Turnbull and Shorten have reason to fear the depth of discontent

Crawling west in Sydney along motorways and tunnels crammed with bellowing trucks, through suburbs where the most modest houses carry price tags of more than $1 million, it wasn’t difficult to predict frustration lay behind front doors.

We expected something similar in suburban Melbourne, the nation’s second-largest but fastest-growing city, with fast-rising house prices and clogged roads, too.

Scott Morrison’s housing affordability promise

Treasurer Scott Morrison says he will bring forward a new “super savers” scheme, to help first home buyers and those struggling to pay their rent. Vision courtesy ABC News

But it was worse than frustration, our research found: Prime Minister Malcolm Turnbull and Opposition Leader Bill Shorten have reason to fear the depth of discontent that has taken root in both suburban Sydney and Melbourne.

The young and the middle-aged, former Liberal voters and former Labor supporters, residents of both big cities, revealed that despite their differences, they were united at core: they believed government was failing them.

And they didn’t hold out hope that the current political opposition was bold or different enough to do anything about it.

Many believed that Liberal and Labor agendas were almost identical.

“Out of touch” was the single most-used term about Australia’s current leaders.

“Never had to live on the sort of money we’ve got to get by on”, “they don’t know how we live”, “they all just fight and when they get in government, before you know it, they’re changing leaders”, “the opposition just bloody opposes everything for the sake of it”, “they’re supposed to be working for us, but they’re out for themselves”.

These are the themes about Australia’s established politicians that gathered approving nods as small groups of the politically adrift gathered in Australia’s two biggest cities last week to talk politics.

Yet even though there was broad agreement that Mr Turnbull was a disappointment and hamstrung by sections of his party, and that Mr Shorten was not impressive, there was no thirst for further changes in leadership.

Focus groups: gatherings of eight voters at a time sitting around a dinner table, expressing their views on a broad range of topics related to the way their everyday lives intersect with politics, a polling company moderator gently steering the discussion.

We sit in a darkened room peering at proceedings through a one-way mirror, listening to the “dinner party” voices piped through a TV sound system.

There were the over 45s in Sydney who voted Liberal last time and are now having second thoughts, the over 45s in Melbourne who voted Labor but are feeling uncertain about the next election, the under 45s – most of them in their 20s and early 30s – in Sydney who aren’t so sure about their last vote for Labor and their young peers in Melbourne who were Liberal until now.

The first two of these sessions were in Parramatta, the demographic heart of the NSW capital from which spread the diverse western suburbs and electorates that  will be crucial to next year’s federal election result.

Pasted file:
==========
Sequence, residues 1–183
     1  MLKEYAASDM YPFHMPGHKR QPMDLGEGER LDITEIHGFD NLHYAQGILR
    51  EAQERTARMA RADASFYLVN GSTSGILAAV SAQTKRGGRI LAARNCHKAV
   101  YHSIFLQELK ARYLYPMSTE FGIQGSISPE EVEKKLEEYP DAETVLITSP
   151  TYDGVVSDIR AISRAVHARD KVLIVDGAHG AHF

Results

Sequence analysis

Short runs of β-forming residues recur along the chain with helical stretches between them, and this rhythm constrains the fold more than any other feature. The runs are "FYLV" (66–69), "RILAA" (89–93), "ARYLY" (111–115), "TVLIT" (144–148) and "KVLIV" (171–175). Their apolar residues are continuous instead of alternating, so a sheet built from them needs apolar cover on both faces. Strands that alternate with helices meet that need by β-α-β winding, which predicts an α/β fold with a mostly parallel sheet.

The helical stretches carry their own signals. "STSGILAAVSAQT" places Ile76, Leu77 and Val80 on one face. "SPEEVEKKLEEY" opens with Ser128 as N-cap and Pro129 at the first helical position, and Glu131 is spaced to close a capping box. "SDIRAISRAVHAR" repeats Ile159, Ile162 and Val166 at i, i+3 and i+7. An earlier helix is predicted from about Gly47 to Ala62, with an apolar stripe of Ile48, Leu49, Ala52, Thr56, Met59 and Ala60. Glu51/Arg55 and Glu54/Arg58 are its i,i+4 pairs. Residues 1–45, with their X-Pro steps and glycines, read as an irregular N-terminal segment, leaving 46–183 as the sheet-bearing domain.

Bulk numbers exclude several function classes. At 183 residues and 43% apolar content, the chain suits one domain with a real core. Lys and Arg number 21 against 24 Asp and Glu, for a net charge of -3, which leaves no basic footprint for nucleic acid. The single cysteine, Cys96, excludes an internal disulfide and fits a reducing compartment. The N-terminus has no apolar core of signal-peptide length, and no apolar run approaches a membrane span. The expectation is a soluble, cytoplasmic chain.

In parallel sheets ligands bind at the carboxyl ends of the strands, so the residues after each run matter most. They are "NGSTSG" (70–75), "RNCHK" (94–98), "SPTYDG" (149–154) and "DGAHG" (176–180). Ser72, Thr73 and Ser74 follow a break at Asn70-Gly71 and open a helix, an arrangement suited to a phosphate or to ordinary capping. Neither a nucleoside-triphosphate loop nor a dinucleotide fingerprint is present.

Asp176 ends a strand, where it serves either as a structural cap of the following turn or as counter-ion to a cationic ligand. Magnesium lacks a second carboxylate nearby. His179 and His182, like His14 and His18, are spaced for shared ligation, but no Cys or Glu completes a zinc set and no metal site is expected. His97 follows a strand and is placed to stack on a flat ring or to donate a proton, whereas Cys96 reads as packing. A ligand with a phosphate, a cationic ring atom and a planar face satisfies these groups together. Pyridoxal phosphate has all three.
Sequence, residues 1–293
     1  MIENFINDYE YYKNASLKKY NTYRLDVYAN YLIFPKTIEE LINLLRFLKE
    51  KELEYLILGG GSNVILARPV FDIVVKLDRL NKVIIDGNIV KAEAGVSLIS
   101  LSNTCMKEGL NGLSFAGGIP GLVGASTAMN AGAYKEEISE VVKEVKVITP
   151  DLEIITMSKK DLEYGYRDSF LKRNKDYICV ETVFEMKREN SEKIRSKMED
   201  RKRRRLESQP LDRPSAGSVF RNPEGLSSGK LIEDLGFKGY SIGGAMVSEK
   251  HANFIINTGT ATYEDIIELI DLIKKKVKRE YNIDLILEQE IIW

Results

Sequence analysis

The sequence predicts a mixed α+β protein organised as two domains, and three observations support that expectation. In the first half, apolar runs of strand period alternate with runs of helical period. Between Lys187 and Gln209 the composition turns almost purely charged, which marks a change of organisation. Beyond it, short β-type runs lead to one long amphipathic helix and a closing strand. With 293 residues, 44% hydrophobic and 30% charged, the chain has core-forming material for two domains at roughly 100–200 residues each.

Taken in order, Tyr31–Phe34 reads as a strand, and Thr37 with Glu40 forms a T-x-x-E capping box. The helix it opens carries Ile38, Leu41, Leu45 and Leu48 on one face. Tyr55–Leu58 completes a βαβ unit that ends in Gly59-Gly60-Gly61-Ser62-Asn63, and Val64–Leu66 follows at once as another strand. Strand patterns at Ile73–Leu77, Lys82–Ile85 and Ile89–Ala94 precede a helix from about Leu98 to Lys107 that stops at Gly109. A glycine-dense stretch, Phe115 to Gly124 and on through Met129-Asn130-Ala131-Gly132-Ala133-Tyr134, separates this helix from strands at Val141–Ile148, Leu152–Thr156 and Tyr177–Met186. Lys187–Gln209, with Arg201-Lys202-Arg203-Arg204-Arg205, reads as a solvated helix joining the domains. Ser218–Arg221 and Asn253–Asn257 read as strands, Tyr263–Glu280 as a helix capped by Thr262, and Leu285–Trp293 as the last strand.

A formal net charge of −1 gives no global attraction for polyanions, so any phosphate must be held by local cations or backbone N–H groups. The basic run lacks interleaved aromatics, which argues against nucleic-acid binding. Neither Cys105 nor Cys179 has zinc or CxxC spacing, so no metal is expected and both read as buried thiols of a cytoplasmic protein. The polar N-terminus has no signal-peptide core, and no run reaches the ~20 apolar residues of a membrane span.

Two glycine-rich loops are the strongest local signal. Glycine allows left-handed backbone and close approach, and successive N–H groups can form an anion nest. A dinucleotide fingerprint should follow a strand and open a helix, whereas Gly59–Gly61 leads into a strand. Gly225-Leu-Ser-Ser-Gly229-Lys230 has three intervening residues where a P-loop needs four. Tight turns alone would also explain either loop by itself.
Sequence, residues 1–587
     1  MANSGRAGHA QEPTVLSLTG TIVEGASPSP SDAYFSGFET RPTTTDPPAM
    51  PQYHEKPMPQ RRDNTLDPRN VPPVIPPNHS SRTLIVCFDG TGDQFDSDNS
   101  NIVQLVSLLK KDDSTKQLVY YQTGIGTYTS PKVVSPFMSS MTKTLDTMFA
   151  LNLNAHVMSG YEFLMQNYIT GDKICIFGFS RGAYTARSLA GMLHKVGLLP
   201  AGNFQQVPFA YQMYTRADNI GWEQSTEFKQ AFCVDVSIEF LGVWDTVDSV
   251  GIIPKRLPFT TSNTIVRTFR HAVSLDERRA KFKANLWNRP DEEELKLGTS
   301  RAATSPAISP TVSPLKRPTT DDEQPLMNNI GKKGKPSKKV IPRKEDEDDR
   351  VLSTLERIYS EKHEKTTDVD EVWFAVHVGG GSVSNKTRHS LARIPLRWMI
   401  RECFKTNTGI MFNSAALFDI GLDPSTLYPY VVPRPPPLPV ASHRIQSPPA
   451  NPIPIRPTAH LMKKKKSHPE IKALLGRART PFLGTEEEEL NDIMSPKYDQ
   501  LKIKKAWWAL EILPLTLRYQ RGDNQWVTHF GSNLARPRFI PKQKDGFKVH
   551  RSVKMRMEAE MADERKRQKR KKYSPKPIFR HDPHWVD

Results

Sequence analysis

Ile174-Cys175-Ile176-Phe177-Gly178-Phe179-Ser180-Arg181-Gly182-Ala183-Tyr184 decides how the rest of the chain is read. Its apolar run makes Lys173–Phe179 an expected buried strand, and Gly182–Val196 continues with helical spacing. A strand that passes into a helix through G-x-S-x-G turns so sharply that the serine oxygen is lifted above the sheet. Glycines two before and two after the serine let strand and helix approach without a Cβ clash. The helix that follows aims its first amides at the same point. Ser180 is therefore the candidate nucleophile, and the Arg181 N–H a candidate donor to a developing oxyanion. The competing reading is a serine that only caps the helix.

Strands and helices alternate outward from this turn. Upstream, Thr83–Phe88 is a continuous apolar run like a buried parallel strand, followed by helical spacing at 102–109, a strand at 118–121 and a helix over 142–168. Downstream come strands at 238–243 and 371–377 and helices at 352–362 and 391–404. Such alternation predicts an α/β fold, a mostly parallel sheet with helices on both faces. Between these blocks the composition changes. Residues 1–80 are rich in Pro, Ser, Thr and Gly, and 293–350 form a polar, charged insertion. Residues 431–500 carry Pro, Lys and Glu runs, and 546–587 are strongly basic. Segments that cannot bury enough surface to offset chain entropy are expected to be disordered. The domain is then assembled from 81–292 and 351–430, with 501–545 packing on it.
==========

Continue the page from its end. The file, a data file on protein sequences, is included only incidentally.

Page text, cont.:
John Howard found his battlers and his aspirationals out there, Kevin Rudd wrested them back, Julia Gillard became so desperate to hold them she camped out in the west’s Rooty Hill for a week – to no avail – and Tony Abbott swept them up. Now Turnbull and Shorten and their MPs are locked in battle for the hearts and minds of the west, all to the  soundtrack of opinionated radio shock jocks such as Alan Jones and Ray Hadley.

Having battled our way from Sydney Airport to Parramatta – a 30-kilometre trip that took an hour and a quarter mid-afternoon – we were to discover that the Sydney sessions would prove the angriest by a long stretch. Grid-locked traffic got strong play – one woman spoke eloquently of the pain of paying $120 a day for childcare, only for it to be made worse by constantly battling traffic on the daily run.

But every Sydney participant – uncertain Liberal, unsure Labor, younger and older – was hopping mad about housing affordability, or more specifically, the lack of it.

Older participants worried that their children might never be able to purchase a home (“My daughter won’t get her own house until I die and she’s gets our place,” said one father). Younger Sydneysiders told of despair (a young woman said she worked 70 hours a week at two jobs to try to save a deposit, only to find herself taxed in higher and higher brackets) while others related desperate measures. A young woman, certain she could never afford her own home, said she was renovating part of her mother’s house for her own use.

Both young and older, ex-Liberal and ex-Labor, blamed foreign investors for driving up prices. “I live in a ghetto,” an English migrant said. “Wentworthville – I feel like I’m living in Mumbai.” (She offered a “no offence” to the man, an immigrant from the Subcontinent, sitting next to her).

“Every time an auction comes up, it doesn’t even get to auction – it’s gone to an overseas buyer first.”

Housing affordability was a common theme in Melbourne, too, but was muted compared with the Sydney sessions. Melbourne participants, who broadened their concerns to include homelessness, global warming, border protection and marriage equality (which they mainly wanted solved quickly), focused on the personalities leading the parties.

The kindest comment about Turnbull and Shorten came from a former Labor voter from Caulfield.

“They’re uninspiring,” he said. “We were talking the other day about great prime ministers – well, we haven’t had one of them for a while. In fairness, it seems a lot harder to get anything done. Maybe I’m being a bit harsh on the leaders.”

Follow us on Facebook